The world is full
of well-designed objects of striking beauty or ingenious functionality. At Artecnica, a Los Angeles home-accessories company, co-owners Enrico Bressan and Tahmineh Javanbakht strive for design that means something beyond form and function, using it to make global artistic connections. To that end, they founded Design with Conscience, a program to develop cutting-edge consumer goods that create cash for artisans in developing countries.The Italian-born Bressan and the Iranian Javanbakht started Artecnica as an architecture and interior-design firm in 1986, but gradually transitioned to selling consumer goods. The firm is best known for its Garland Light, a strand of laser-cut steel flowers that wraps around a bare light bulb to create a lacy shade. Conceived by the Dutch designer Tord Boontje, the product was a runaway hit and can now be seen in the permanent collections of the Museum of Modern Art in New York and the Victoria and Albert Museum in London. Buoyed by their success, Bressan, 47, and Javanbakht, 46, set out to prove that good design can result in much more than pretty products. "Over the years, we've become more and more interested in sustainability in everything we do," says Bressan. "For us, the matter of sustainability is not just a question of the environment, but also of the humans within an environment."
|The process has resulted in unique products that merge high design with handicraft.|
The objective of Design with Conscience, which launched in 2003, is to pair the world's top designers with communities of artisans in developing countries. Under Design with Conscience, Artecnica plugs into the networks of existing organizations-like Aid to Artisans and Craft Link-that help craftspeople in developing countries bring their products to market. The Artecnica team travels with a chosen designer to a targeted community where the designer meets with the local artisans, learns about their skills and resources, and then designs a product the artisans can manufacture while earning a fair wage. The program aims to develop new, environmentally responsible objects that not only appeal to consumers in the international marketplace, but also support financially self-sustaining communities.Artecnica's TaTu tables are collaboration between designer Steven Burks and South African artisans.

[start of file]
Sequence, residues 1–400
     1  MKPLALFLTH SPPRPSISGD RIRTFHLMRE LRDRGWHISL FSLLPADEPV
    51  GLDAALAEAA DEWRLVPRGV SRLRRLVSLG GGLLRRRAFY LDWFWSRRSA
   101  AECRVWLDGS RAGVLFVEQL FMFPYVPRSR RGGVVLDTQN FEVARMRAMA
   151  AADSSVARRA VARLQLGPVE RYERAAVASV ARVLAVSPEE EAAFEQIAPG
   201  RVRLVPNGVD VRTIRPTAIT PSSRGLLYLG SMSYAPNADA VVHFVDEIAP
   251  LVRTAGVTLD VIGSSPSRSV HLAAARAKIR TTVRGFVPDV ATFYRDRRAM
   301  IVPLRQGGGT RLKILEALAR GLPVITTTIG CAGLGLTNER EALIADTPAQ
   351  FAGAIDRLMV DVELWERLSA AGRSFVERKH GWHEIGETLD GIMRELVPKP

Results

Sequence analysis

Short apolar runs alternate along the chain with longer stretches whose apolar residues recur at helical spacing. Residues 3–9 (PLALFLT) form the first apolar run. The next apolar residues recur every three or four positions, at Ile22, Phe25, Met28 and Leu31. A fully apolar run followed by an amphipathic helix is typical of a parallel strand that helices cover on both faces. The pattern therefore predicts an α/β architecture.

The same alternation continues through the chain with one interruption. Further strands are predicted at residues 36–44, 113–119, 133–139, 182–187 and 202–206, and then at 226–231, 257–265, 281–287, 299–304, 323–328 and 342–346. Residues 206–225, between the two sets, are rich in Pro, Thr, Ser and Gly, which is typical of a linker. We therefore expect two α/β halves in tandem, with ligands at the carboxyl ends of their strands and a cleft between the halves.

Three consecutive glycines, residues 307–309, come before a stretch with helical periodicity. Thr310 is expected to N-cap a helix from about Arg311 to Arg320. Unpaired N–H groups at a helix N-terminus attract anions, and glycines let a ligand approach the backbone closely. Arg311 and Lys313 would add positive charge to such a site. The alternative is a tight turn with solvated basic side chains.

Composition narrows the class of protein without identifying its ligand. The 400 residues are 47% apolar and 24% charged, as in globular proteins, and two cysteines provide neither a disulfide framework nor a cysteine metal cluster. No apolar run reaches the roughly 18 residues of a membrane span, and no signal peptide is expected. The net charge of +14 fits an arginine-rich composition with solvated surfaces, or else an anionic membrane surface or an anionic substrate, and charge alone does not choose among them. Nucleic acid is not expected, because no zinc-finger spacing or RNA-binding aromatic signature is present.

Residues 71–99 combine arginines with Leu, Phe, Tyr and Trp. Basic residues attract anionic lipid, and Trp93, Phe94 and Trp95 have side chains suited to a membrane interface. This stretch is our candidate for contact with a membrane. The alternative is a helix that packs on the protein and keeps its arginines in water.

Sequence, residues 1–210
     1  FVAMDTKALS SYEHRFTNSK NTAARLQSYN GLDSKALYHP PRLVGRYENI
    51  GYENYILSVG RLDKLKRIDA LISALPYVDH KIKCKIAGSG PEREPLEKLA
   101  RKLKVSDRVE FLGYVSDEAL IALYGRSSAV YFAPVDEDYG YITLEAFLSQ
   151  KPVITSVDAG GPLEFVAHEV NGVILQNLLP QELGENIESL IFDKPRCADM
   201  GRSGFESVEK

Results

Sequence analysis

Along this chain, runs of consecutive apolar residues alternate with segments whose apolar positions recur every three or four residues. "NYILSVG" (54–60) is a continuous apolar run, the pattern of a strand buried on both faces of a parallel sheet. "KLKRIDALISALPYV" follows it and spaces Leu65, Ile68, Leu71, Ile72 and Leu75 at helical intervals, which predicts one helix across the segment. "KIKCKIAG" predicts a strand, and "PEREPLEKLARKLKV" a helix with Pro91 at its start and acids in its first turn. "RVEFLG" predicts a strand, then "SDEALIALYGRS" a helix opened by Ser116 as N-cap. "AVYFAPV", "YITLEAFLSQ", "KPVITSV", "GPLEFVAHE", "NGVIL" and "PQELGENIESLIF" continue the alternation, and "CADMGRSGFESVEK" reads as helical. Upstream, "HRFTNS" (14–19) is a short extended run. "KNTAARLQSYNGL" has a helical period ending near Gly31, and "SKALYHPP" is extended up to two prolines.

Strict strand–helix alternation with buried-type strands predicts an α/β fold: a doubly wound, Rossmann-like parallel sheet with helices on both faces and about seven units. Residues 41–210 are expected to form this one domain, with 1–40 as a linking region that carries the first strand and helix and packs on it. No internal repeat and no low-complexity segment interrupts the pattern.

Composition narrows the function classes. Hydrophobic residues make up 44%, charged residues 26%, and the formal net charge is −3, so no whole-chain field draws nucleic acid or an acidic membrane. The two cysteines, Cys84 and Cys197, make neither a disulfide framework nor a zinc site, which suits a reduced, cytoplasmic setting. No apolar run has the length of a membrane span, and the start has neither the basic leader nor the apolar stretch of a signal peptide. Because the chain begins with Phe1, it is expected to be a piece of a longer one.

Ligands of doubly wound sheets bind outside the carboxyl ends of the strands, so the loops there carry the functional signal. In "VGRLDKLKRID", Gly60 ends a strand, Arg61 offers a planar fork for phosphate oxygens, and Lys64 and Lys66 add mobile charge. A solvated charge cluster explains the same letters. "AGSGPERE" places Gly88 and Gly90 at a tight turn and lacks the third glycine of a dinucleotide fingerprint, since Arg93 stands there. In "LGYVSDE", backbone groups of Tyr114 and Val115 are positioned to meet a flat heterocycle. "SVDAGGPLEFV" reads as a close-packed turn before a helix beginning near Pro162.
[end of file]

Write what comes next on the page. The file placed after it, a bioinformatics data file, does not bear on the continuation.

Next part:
The process has resulted in unique products that merge high design with handicraft. Collaborating with Coopa-Roca, a collective that allows women in Brazil's favelas to work from home while caring for their children, Boontje designed a billowy pendant lamp exploding with silk and cotton flowers. With wire weavers in a struggling South African township whose artists previously produced inexpensive tourist trinkets, the New York designer Stephen Burks developed tables and stools that would look perfectly at home in any modernist's garden. Unsurprisingly, the sale of these tables around the world generates far more income for the artists than their previous projects. For one stool, the artist takes home about $23. For the program's latest release, the renowned designers Fernando and Humberto Campana traveled to Vietnam to develop TransNeomatic, a set of wicker trays built around reclaimed scooter tires-which helps keep the material out of landfill sites while creating valuable work for the local craftspeople.The artisanal communities benefit from sales, but Bressan and Javanbakht say the program is no charity. "We want to prove we can grow even faster by embracing this concept," says Bressan. "We know we can't be very effective if we're not economically strong. Once that's done, the floodgates are open-and everybody will want to do it." Indeed, the partners say they've recently heard from bigger, more established furniture companies that are toying with the idea of following Artecnica's lead. Although their peers were skeptical at first, says Bressan, "when the top brands start to follow, you know you're definitely onto something."